Trump aides pushed for states' ability to block migrant kids from enrolling in public schools: report
Hispanic grass-roots groups warn 2020 Dems not to overlook them
Latino community grass-roots organizations are concerned that Democratic presidential candidates will overlook them, leading to a missed opportunity to mobilize what is expected to be the country's largest voting minority in 2020.
A new report by the Latino Vote Project, a coalition of progressive pro-immigration groups, argue that community organizers are best equipped to reach Latino constituencies through outreach efforts like phone calls or canvassing than traditional Democratic campaign consultants who may have little in common with Hispanic voters.
Hispanic voters are set to become the country's largest voting minority in 2020, with 32 million projected to vote in the presidential election, according to the report.
That could make them a critical constituency at a time when President Trump remains deeply unpopular among key segments of the Latino population.
"While some early and sustained investments in outreach and mobilization of Latino voters paid off for Democrats in 2018, late and insufficient investments made it so that the impact of the Latino vote did not reach its full potential in 2018, which is a caution for 2020," said Pili Tobar, deputy director of America's Voice, one of the groups behind the report.
The groups argue in the report that failure to tap grassroots organizations like Florida Immigrant Coalition or provide them with enough funding led to missed opportunities.
The Latino Vote Project's analysis found that without Hispanic voters in 2018 in four states - Arizona, Nevada, Texas and Florida - Republicans would have won "by landslide margins."
Those four states are likely to feature heavily in the 2020 presidential election.
The report notes that Democratic campaigns have traditionally relied on their existing infrastructure to target Latino voters including through translations of their English-language message, usually in a Mexican dialect, produced in-house by consultants.
Though campaigns steered some money to grass-roots organizations such as Poder in Action, the funding, which ranged from $450,000 to nearly $6 million per group, fell short of the targeted amount.
The failure to more fully use the grass-roots groups led to missed opportunities, according to the report.
"The Latino voting population has long been considered a sleeping giant in American politics. This report leaves no doubt that the giant has awoken. Latinos were key to wins in 2018, and success in 2020 hinges on proactively engaging this critical voting bloc," said Sergio Gonzales, deputy director of Immigration Hub, another of the groups behind the report.
Though Democrats took over the House in 2018, they suffered bad losses in some states including Florida, which elected Republican Governor Ron DeSantis and GOP Senator Rick Scott by razor-thin margins.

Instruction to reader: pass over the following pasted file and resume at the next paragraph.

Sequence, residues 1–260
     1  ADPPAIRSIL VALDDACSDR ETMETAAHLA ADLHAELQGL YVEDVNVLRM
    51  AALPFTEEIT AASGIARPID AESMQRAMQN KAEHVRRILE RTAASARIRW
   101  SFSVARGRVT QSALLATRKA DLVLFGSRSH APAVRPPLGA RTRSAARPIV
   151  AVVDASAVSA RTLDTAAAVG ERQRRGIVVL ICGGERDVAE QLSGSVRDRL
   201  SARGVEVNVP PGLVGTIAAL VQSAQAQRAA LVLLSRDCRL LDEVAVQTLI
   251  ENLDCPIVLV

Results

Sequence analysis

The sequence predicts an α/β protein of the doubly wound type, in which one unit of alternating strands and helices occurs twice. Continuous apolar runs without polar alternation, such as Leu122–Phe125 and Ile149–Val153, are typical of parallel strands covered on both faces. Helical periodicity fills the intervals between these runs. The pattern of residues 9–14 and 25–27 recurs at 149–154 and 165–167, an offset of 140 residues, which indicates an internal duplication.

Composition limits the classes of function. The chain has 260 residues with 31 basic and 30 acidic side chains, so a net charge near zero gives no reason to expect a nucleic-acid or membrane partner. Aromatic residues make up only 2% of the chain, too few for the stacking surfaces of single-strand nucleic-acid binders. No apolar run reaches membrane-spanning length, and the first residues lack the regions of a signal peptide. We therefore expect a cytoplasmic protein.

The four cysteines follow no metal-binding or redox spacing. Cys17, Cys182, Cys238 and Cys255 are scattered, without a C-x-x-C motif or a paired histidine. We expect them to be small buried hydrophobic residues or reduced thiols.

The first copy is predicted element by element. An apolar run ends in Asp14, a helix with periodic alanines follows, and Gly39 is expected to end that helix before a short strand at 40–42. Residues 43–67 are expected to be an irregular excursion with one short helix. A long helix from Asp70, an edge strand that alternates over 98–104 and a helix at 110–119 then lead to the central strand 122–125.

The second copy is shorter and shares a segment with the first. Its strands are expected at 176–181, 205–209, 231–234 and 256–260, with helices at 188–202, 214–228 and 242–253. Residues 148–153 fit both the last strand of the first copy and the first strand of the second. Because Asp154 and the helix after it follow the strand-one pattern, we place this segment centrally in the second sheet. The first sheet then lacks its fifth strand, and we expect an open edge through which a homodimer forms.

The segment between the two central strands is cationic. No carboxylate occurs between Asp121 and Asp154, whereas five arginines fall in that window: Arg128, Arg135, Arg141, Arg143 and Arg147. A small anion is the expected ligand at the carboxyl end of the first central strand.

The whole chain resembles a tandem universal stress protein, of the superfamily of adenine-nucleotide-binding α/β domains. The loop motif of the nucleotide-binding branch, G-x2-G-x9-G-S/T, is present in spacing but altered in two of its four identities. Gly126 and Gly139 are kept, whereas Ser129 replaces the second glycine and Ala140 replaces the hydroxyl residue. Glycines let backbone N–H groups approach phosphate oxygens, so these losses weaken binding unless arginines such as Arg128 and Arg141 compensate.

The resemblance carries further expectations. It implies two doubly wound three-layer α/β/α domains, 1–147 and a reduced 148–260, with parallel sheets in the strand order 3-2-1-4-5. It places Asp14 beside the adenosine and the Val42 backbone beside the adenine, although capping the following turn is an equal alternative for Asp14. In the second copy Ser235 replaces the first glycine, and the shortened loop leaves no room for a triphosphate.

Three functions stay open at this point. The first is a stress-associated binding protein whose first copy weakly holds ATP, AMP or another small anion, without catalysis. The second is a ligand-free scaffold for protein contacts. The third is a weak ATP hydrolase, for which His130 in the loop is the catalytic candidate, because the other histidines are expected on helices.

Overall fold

Florida is a key state to winning presidential elections, with statewide races regularly coming down to the wire.
Rep. Darren Soto (D), the first Floridian of Puerto Rican descent elected to Congress, said hiring local experts is crucial to winning elections in the state.
"There's definitely a central message, but there are also individual appeals that have to happen for folks to turn out," said Soto.
To make the right appeal in the right language and tone, Soto said, it's crucial for campaigns to hire experts who understand the nuances between Hispanic audiences.
"Perhaps talking about liberty and freedom in Venezuela; hurricane relief [or status issues] in Puerto Rico; talking about combatting socialism for Colombians or Venezuelans," said Soto, adding that "talking about the free enterprise system and economic development" works with the Cuban community.
Soto, who said he hasn't endorsed anybody in the 2020 race, said that candidates such as former Vice President Joe Biden, Sen. Bernie Sanders (I-Vt.) and former Housing and Urban Development Secretary Julián Castro were "three standouts who are making investments early in the right people."
Hispanic Democrats have generally also praised the Democratic Congressional Campaign Committee (DCCC) for its role in wielding local talent to retake a House majority in 2018.
Soto said he was "proud" of Democratic National Committee Chairman Tom Perez and former DCCC former Chairman Rep. Ben Ray Luján (D-N.M.) "for engaging a lot of consultants and firms early."
But Chuck Rocha, president of campaign consulting firm Solidarity Strategies, said the hiring of culturally competent consultants by Democratic campaigns is still the exception and not the rule.
"The bulk of the money" is spent instead on super PACs and party committees, said Rocha, who was hired by Sanders to work both on Hispanic and general strategy and messaging.
The groups in the Latino Vote report urged Democratic candidates to use them, especially as Trump's rhetoric on immigration has made him unpopular among key Hispanic voters.
But worries remain that will end up not happening.
"Every presidential cycle the Latino vote, as always, is an afterthought and is the first thing to be cut out of most budgets," said Rocha.